SNOW, CLYDE (1928–2014).
Born at Ralls, Texas, on January 7, 1928, Clyde Snow learned early about the workings of the human body from his physician father. Later in life Snow garnered an international reputation as a forensic anthropologist, working on cases that ranged from mass murders to the John F. Kennedy assassination. When he was a sophomore in high school, Snow's parents sent him to New Mexico Military Institute in Roswell. Although accepted to Harvard, he started his collegiate career at Southern Methodist University and earned a bachelor's degree from Eastern New Mexico University. In 1955 he earned a master's degree in zoology at Texas Tech University. Also in 1955, he began a three-year stint in the U.S. Air Force as a clinical laboratory officer. Returning to civilian life, he studied archaeology at the University of Arizona. He soon switched to physical anthropology and traveled to Puerto Rico to study rhesus monkeys. In 1960 Snow took a job with the Federal Aviation Administration (FAA) and worked on aviation safety research at the newly built Civil Aeromedical Institute (CAMI) in Oklahoma City. While working for the FAA, he finished his Arizona doctoral work. While he was carrying out studies for the FAA and helping to develop a computer program to investigate airplane crashes, such as the 1979 American Airlines 191 in Chicago, Snow's reputation in forensics grew.
In numerous cases he helped the Oklahoma authorities identify unknown skeletal remains. Many times his work led to the filing of charges against the alleged murderer. Nationally, Snow assisted identifying victims of serial killer John Wayne Gacy and Seattle's Green River killer. Several of Snow's investigations have dealt with mass murders. In Oklahoma he helped identify victims of the Oklahoma City Bombing. In countries such as Argentina, the Philippines, El Salvador, Bosnia, Bolivia, Iraq, Peru, and Croatia, he has examined mass graves that accompanied political turmoil, not only identifying victims but building criminal cases against leaders and governments that have committed the atrocities.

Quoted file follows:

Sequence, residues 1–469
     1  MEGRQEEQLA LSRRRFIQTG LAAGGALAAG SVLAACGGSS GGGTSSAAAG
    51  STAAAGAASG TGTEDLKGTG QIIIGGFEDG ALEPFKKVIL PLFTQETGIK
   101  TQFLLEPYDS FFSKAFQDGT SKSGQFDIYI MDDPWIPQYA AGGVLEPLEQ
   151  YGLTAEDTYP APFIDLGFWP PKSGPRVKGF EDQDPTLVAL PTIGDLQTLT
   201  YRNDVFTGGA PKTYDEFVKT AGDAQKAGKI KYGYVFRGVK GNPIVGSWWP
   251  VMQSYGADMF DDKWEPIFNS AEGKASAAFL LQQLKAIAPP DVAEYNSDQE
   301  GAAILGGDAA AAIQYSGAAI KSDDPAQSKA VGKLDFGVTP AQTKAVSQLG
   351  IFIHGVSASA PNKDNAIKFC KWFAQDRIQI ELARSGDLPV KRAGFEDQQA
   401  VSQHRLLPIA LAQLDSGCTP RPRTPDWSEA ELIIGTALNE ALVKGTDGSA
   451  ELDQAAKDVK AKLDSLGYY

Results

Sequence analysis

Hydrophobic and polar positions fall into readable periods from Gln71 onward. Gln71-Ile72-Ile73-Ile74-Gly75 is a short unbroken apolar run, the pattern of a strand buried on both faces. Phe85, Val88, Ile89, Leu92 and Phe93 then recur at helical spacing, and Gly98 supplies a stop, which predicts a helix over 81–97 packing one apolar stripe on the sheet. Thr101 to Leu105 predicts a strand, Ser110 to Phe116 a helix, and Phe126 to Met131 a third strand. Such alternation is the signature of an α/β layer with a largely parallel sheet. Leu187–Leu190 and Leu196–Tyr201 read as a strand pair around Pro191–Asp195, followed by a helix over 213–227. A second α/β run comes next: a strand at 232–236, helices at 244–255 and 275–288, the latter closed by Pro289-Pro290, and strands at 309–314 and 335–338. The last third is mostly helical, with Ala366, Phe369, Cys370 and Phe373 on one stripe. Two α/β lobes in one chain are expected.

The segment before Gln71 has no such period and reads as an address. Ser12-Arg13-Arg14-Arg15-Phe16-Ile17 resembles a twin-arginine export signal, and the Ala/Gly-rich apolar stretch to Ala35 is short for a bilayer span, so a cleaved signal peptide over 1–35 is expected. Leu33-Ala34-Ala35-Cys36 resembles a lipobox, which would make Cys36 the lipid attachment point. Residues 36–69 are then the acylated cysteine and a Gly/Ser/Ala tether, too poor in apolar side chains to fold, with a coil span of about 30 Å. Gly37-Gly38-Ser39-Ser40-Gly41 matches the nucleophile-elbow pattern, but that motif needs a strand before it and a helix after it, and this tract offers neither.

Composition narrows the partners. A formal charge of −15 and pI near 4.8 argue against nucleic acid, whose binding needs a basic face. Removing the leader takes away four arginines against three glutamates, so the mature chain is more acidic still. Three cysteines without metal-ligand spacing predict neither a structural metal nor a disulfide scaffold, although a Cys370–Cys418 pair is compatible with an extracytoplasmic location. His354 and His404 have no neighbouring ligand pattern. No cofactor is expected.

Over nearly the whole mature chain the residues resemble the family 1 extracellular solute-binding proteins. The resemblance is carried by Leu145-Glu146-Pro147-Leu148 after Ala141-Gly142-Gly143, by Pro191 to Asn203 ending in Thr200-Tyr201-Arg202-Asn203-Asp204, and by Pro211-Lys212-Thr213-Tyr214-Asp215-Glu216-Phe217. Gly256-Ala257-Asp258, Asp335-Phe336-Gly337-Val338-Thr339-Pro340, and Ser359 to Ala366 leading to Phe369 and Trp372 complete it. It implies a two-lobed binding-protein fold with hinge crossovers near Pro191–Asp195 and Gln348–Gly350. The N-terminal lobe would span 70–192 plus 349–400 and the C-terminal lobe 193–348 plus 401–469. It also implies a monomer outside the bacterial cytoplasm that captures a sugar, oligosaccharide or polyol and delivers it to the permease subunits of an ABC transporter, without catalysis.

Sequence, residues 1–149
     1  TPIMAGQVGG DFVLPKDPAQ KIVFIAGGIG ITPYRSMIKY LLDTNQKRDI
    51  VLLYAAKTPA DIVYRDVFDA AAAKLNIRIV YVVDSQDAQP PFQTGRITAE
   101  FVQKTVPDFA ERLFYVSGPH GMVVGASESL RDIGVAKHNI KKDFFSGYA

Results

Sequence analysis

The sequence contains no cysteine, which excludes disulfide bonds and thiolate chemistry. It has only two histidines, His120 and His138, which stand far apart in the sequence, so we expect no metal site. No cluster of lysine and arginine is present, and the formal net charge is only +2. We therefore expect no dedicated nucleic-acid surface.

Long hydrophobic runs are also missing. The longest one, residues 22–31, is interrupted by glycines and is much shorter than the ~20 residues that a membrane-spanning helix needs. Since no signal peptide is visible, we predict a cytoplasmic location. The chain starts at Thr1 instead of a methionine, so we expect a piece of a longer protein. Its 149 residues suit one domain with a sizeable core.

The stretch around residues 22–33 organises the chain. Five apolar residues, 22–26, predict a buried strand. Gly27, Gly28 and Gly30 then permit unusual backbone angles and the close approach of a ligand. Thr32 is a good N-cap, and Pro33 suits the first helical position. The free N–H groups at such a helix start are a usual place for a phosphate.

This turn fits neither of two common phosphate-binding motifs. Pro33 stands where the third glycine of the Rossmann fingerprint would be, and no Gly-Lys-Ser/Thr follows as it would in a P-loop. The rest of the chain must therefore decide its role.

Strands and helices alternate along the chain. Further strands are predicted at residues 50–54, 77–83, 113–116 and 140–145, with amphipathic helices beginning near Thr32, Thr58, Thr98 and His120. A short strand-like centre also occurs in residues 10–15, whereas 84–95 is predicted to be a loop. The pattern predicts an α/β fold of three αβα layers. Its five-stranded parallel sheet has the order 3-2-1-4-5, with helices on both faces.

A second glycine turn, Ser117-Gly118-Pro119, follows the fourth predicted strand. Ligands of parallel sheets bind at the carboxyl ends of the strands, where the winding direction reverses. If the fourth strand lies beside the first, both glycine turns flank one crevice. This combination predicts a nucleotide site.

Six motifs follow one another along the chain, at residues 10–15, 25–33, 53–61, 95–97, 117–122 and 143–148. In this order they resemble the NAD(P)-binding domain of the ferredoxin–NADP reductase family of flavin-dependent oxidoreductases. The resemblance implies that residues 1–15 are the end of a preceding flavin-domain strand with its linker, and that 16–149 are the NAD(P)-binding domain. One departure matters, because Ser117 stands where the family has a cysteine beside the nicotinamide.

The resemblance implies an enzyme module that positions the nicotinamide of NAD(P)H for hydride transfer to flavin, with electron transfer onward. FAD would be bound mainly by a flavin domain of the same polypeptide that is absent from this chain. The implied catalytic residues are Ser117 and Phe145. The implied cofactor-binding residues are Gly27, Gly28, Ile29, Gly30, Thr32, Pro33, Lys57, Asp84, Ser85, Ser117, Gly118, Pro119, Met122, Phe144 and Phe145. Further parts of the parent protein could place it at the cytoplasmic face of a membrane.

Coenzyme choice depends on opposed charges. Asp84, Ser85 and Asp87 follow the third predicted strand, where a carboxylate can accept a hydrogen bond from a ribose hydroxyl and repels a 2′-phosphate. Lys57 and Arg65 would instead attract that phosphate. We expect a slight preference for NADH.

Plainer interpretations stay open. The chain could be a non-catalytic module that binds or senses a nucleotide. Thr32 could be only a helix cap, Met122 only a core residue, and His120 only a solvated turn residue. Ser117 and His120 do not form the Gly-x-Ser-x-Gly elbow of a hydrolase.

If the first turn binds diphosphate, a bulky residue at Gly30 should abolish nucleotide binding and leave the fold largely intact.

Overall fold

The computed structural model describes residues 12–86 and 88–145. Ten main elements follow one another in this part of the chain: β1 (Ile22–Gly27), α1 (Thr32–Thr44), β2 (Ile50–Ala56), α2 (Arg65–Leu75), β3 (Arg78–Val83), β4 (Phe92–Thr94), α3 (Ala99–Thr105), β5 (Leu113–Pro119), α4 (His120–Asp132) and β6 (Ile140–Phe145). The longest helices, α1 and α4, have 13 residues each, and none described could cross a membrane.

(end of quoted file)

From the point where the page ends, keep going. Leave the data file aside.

He has also used his skills for historical analysis. With projects such as authenticating Billy the Kid photographs, studying the remains of soldiers at Little Bighorn, identifying the Butch Cassidy and the Sundance Kid grave in Bolivia, working with the Tulsa Race Riot Commission, and analyzing Battle of the Washita remains, Snow has debunked myths and revealed much that is left out of the written historical record. In 1985, as part of an international forensic team, Snow helped in the positive identification of Josef Mengele, a Nazi fugitive that operated Auschwitz, a German death camp that killed thousands of people, mainly Jews. After retiring from the FAA in 1980, Snow worked as a consultant for the University of Oklahoma. He lived in Norman at the beginning of the twenty-first century. Clyde Snow died on May 16, 2014.
Daily Oklahoman (Oklahoma City), 18 September 1989.
John Hope Franklin and Scott Ellsworth, comps. and eds., The Tulsa Race Riot: A Scientific, Historical and Legal Analysis (N.p.: Tulsa Race Riot Commission, November 2000).
Christopher Joyce and Eric Stover, Witnesses From the Grave: The Stories Bones Tell (New York: Ballantine, 1991).
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The following (as per The Chicago Manual of Style, 17th edition) is the preferred citation for articles:
Larry O'Dell, “Snow, Clyde,” The Encyclopedia of Oklahoma History and Culture, https://www.okhistory.org/publications/enc/entry.php?entry=SN001.
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